I have issue with the employer regarding the defining of ordinary hours for the redundancy payment. The GM is ignoring

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Customer: Hi, I have issue with the employer regarding the defining of ordinary hours for the redundancy payment. The GM is ignoring my emails now and the last time he sent me an email to just talk to the Fairwork if I got any problem
JA: Have you discussed this with a manager or HR? Or with a lawyer?
Customer: I discussed this with the General Manager
JA: Are you an "at will" employee? Do you belong to a union?
Customer: nope
JA: Anything else you want the Lawyer to know before I connect you?
Customer: So I have been working at Prodive Cairns for more than three years as dive instructor (eight months) and retail assistant(2.5 years). I have the full record of rosters as retail assistant. I have always been rostered 5 days( 8 hours a day) a week as a permanent part time employee. Unfortunately, this was not written down on the EBA. Thus the employer took six months time to calculate the ordinary hours and came to a result of 4.59 days per week. However, I went back to my home country for my granddad and his funeral for almost a month. Ten days were unpaid after I used up all my accrued annual leave then. I believe that this is not fair to calculate my ordinary working days this way. The shop manager ***** *****, Assistant Manager Tim Simroth and all the other retail staff know that I work from Tuesday to Saturday every week. My shift is either from 10:00 to 19:00 or from 11:00 to 20:00. All these are clearly shown in the two and half year rosters which I have a full copy of. I requested to calculate it over a year (4.98 days), the GM did not agree with this. We follow the Enterprise Agreement.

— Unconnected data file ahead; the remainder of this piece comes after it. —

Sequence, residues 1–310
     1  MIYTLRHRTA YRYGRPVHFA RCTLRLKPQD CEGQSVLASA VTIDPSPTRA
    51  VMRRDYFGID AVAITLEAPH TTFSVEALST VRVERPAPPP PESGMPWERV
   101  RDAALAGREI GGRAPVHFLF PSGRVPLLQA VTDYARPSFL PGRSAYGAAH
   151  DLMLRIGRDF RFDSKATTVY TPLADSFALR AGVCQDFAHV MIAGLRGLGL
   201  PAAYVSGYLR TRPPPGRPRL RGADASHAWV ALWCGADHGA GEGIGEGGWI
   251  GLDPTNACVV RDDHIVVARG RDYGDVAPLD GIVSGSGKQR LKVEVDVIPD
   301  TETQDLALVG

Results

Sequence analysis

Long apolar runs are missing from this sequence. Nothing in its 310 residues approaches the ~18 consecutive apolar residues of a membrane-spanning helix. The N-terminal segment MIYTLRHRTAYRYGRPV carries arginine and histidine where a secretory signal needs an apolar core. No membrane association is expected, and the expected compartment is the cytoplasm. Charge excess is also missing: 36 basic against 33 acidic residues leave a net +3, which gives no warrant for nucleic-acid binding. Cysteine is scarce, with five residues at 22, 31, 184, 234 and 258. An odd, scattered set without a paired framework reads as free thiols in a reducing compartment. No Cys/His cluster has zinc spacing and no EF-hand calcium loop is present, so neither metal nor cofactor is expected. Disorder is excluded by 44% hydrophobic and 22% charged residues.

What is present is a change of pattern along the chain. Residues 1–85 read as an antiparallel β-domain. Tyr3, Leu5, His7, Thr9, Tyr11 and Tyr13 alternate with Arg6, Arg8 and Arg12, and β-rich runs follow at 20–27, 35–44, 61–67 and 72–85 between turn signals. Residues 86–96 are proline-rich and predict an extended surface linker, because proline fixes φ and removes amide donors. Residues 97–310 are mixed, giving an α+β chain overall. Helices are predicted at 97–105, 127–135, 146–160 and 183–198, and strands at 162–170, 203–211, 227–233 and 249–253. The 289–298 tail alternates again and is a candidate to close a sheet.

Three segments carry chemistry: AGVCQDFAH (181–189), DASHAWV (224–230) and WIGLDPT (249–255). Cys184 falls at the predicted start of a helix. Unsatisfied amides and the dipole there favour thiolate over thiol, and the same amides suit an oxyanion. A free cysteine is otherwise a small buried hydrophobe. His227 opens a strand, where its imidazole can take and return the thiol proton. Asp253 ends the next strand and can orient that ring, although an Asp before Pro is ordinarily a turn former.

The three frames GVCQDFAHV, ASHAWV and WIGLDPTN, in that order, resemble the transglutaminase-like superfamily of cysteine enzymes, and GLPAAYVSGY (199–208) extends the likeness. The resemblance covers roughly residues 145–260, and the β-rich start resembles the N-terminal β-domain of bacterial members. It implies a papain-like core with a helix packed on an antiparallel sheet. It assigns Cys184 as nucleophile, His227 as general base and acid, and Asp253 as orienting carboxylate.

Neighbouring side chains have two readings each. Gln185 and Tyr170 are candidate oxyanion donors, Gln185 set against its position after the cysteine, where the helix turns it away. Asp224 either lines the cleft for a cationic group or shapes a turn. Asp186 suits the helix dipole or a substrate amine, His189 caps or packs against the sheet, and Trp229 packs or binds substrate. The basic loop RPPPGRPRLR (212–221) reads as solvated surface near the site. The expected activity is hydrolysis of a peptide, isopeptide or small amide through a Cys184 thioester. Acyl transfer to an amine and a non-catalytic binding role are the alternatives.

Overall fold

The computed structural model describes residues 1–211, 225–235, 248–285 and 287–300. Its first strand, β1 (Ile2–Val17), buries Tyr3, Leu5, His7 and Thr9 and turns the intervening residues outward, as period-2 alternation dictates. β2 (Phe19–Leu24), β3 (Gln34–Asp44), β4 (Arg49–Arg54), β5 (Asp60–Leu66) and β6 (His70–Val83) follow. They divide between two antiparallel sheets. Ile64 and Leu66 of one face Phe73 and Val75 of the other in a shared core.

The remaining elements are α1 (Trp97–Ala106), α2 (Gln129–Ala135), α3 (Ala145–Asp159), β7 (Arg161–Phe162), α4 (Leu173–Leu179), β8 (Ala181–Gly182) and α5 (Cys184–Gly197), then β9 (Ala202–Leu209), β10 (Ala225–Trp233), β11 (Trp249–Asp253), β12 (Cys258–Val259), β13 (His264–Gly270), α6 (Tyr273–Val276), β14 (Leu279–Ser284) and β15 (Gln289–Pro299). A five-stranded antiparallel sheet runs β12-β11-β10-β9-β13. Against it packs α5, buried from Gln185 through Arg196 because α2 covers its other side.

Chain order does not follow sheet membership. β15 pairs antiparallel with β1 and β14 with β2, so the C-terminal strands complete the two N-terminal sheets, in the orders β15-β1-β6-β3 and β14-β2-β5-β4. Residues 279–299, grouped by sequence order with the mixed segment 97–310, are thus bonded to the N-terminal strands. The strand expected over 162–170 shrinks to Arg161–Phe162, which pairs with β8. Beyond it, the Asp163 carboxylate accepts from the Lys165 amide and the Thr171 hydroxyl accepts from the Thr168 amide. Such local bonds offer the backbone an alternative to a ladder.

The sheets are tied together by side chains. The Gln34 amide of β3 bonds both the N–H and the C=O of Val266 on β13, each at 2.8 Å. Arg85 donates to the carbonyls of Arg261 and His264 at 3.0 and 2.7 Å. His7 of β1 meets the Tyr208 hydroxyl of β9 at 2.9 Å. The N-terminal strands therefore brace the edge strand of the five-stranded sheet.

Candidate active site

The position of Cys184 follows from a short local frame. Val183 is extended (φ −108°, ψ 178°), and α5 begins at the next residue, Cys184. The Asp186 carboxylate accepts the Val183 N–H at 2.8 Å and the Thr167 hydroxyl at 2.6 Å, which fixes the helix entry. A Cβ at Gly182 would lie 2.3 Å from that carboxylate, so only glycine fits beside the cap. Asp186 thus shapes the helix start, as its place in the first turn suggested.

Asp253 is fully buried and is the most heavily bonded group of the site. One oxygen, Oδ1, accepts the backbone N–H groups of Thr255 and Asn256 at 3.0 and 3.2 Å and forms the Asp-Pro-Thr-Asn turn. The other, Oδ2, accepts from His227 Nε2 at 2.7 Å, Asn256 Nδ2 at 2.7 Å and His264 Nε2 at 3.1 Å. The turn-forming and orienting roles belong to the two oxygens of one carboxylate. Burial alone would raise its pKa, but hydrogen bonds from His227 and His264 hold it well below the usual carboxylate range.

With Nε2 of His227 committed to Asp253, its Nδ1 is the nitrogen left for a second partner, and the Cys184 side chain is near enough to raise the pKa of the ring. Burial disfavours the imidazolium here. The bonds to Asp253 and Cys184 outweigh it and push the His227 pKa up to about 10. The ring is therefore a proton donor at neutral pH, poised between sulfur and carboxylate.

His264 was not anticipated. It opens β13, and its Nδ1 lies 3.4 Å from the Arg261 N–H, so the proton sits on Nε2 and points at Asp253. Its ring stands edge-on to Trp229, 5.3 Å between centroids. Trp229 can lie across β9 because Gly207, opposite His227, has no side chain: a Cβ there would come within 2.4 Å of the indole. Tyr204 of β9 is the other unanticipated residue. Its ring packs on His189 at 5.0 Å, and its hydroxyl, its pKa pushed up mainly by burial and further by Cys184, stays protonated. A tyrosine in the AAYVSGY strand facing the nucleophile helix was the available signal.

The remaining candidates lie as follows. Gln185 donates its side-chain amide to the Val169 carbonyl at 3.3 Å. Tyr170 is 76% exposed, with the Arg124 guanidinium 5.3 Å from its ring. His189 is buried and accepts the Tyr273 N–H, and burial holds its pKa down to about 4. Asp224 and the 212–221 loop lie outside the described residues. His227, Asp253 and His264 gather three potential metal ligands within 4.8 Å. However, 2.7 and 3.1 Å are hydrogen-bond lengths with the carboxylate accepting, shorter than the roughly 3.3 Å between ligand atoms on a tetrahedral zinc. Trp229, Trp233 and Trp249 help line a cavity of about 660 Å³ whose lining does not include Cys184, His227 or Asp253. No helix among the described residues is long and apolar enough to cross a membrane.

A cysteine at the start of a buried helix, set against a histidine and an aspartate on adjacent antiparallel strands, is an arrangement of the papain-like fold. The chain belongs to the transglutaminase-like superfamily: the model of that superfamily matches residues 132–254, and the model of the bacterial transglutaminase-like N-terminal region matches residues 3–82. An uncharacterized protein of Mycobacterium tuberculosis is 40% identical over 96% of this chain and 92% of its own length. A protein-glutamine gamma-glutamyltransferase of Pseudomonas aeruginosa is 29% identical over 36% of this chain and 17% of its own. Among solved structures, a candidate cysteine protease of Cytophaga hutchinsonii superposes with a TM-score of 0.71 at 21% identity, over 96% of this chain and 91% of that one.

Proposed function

Answered by John Melis in 3 mins 2 years ago
John Melis
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Expert in: Family Law, Legal, Estate Law, Real Estate Law, Criminal Law, Employment Law, Business Law, Consumer Protection Law, Bankruptcy Law, Traffic Law, Personal Injury Law.

John Melis
79040 Satisfied customers
10+ years of experience
John Melis
10+ years of experience

79040 Satisfied customers




31,131 Satisfied customers

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John Melis, Expert

Hi, I’m John Melis, solicitor, and I am in Australia. I want to thank you for taking the time to speak with me today. Your question means a lot to me. If I were in your position, I would feel just as you do. I’m so glad you contacted us about your situation. I will give you a direction to consider moving forward. I know you’ve spent a lot of time on this already. Your patience here has been so important. If I understand you correctly I suggest the following:

Section 119 of the Fair Work Act sets out the entitlement for redundancy pay under the National Employment Standards. A redundancy occurs when an employer no longer requires the job done by the employee to be done by anyone. In that situation, the employee’s position becomes redundant.

Concerning your comments above a genuine redundancy occurs where: